Limeuil on a Sunday night was probably the largest night market we went to, with a good selection of vendors and tables set up beside where the Dordogne and Vézère rivers meet, so the kids could have a good play while waiting for their food.


The food was really varied – including paella and charcuterie, melon and ham, Alsatian style pizza (tartiflette), and the ubiquitous moules frite.

Limeuil marche nocturne

Bastille Day celebrations

Bastille Day on 14 July is THE national fete, and most reasonable sized towns have some form of celebration. We went into our main local town of Bergerac, where the place was teeming with people! We hadn’t thought to make dinner reservations and everywhere was booked out with people enjoying the holiday, but we finally found a cute restaurant for some delicious duck.

We then wandered down to the riverfront to find a good viewing point for the fireworks, and enjoyed the ambience of the fountain and pretty sunset.

Waiting for the fireworks to start in Bergerac beside the Dordogne river
The crowds are gathering and anticipation is high!

Around 10pm the firework show began and it was quite spectacular. 

Bastille Day fireworks in Bergerac
The fireworks finale

Sadly when we got home that evening we saw what had happened in Nice which was pretty sobering 🙁

The Tour de France

The Tour de France is the round France bike race held for three weeks in July. It’s right up there with the biggest sporting events in the world, with a phenomenal number of spectators who watch it  both in the flesh and on TV.

Cheering on the riders and saying Hi to the folks back home.

We went and watched it twice – the first at the stage going through Saint-Antonin-Noble-Val which was about 2 hours from where we were staying, and the second time we camped for a couple of nights down at the Pyrenees to watch one of the mountain stages.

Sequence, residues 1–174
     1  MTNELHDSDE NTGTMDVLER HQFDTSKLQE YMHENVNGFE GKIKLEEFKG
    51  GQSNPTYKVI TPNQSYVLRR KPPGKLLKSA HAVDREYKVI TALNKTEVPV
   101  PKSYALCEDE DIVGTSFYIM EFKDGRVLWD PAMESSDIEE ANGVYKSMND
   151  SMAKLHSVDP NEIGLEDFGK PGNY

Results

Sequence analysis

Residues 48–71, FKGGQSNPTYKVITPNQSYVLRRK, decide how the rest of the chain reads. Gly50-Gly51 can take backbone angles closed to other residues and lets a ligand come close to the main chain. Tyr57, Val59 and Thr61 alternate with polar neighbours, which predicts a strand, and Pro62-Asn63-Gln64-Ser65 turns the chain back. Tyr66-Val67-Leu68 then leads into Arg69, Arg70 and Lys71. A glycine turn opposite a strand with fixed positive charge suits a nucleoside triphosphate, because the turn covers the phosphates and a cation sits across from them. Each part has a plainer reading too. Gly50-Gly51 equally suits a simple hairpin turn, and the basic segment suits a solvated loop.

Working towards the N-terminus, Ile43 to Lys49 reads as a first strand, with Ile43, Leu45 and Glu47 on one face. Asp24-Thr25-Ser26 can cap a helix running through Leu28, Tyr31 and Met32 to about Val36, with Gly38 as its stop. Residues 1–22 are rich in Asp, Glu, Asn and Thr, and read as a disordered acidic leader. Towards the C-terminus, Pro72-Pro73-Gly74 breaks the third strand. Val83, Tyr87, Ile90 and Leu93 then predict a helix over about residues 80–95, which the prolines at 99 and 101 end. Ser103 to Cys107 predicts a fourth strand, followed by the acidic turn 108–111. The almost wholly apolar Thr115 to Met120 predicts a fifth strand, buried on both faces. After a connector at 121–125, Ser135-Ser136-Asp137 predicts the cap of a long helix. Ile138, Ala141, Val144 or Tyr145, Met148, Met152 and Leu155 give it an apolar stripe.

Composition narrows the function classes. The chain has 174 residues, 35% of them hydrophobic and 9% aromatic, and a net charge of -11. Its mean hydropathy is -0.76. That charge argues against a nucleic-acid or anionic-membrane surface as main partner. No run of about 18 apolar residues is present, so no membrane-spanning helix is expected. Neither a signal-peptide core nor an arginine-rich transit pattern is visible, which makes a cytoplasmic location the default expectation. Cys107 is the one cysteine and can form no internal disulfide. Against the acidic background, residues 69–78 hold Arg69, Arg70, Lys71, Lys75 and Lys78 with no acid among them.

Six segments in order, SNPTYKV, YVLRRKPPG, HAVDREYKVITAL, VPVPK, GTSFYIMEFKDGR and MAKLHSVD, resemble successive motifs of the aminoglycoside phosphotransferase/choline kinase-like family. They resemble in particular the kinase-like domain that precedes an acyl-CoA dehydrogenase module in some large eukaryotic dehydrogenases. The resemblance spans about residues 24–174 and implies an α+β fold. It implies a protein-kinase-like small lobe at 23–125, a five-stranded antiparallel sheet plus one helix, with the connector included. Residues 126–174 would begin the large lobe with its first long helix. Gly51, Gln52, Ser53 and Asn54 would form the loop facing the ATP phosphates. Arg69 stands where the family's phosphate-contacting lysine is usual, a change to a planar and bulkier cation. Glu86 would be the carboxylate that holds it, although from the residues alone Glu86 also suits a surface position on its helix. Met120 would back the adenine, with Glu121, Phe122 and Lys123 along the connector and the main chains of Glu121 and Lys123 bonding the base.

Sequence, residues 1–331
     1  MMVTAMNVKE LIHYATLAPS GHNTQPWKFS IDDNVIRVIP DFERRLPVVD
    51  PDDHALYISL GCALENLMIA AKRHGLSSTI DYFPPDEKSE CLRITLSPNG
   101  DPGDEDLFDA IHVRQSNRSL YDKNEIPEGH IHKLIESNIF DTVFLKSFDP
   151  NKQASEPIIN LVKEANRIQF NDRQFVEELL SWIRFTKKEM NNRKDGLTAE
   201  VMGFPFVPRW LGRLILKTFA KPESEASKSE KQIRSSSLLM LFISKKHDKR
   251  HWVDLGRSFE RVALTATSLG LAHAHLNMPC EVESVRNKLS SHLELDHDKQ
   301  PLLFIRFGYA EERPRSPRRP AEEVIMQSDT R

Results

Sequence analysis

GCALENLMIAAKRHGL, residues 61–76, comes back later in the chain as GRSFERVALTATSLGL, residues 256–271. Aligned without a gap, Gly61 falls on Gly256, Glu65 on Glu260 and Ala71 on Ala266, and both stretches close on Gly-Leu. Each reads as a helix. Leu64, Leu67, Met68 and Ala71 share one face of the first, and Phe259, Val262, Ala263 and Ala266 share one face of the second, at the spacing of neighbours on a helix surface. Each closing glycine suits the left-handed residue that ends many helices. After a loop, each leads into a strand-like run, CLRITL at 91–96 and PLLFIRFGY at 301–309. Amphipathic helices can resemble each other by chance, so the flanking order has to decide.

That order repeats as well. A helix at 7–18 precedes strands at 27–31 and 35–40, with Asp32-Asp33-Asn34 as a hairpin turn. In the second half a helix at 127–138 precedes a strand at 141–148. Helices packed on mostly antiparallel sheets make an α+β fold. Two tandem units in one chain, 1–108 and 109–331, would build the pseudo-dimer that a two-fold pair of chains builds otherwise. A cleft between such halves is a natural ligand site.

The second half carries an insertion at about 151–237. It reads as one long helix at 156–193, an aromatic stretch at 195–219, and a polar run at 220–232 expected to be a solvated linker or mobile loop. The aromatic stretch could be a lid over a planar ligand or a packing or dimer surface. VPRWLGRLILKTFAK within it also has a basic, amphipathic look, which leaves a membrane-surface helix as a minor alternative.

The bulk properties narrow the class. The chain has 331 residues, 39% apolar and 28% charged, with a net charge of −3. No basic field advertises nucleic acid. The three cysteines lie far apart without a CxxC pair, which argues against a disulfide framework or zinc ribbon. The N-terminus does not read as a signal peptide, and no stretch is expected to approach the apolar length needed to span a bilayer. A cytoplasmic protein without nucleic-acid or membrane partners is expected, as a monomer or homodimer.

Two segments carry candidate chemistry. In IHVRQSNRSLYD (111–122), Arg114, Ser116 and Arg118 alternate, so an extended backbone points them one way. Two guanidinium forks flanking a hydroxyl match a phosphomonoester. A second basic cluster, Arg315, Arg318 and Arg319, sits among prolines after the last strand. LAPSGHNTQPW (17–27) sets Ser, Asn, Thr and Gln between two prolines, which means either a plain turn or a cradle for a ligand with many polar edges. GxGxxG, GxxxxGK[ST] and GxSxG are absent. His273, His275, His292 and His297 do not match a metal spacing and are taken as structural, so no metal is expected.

The riders coming through Saint-Antonin-Noble-Val
An early morning chilly start in the Pyrenees to nab a good start to watch Le Tour pass through.

In the mountain stages, cycling enthusiasts often ride to the finish before the competitors pass through and it’s the done thing to cheer them on as well as they make the hard slog up the mountain.

Cheering on other spectators and high-fiving them

The highlight for the kids was watching the Caravanne pass through – the sponsor’s parade that comes through about 45 minutes before the riders do. They throw out lots of loot, so we are now armed with plenty of caps, keyrings, fridge magnets and inflatable pillows!

Here comes the Caravanne!
We are now the proud owners of a number of Skoda hats…
You get the jist of it…

Even if you’re not into cycling, it’s worth going to see a stage if you ever get the opportunity as the spectacle of it is something else!

La Bataille de Castilliones

La Bataille de Castilliones is a biennial re-enactment of the end of the 100 years war in the 1400’s between England and France. It’s set in a natural ampitheatre surrounded by chateau and vineyards and over 400 actors take part in the show, many of them local volunteers from the surrounding towns.

Our two dressed up and ready to go!

A medieval village is set up to wander around before the show begins, with performance artists, food stalls and artists selling their art.

Having fun at the medieval village


Knife juggling

There’s also 25 horses plus other farm animals that take part in the show.

This goat had a starring role

It’s an amazing spectacle, ending in the actual battle scene with mock gunfire and fireworks.

La Bataille de Castilliones
The battle
The grand finale.

In true French style, the show begins very late – 10.30 so Jack snoozed off halfway through it, but Sophie was in raptures until the very end!

Even though we were in the Dordogne for 10 weeks, we still only scratched the surface of things to do there. It’s truly a place where so much happens over the summer.